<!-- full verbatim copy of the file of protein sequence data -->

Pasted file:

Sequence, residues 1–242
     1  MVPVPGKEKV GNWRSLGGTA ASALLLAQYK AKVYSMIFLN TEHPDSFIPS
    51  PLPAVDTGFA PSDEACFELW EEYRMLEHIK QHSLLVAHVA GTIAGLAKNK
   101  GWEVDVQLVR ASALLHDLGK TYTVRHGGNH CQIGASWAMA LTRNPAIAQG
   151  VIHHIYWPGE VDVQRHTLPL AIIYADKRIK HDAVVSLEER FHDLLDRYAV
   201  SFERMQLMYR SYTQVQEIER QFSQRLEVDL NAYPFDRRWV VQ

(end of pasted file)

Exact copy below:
Sequence, residues 1–242
     1  MVPVPGKEKV GNWRSLGGTA ASALLLAQYK AKVYSMIFLN TEHPDSFIPS
    51  PLPAVDTGFA PSDEACFELW EEYRMLEHIK QHSLLVAHVA GTIAGLAKNK
   101  GWEVDVQLVR ASALLHDLGK TYTVRHGGNH CQIGASWAMA LTRNPAIAQG
   151  VIHHIYWPGE VDVQRHTLPL AIIYADKRIK HDAVVSLEER FHDLLDRYAV
   201  SFERMQLMYR SYTQVQEIER QFSQRLEVDL NAYPFDRRWV VQ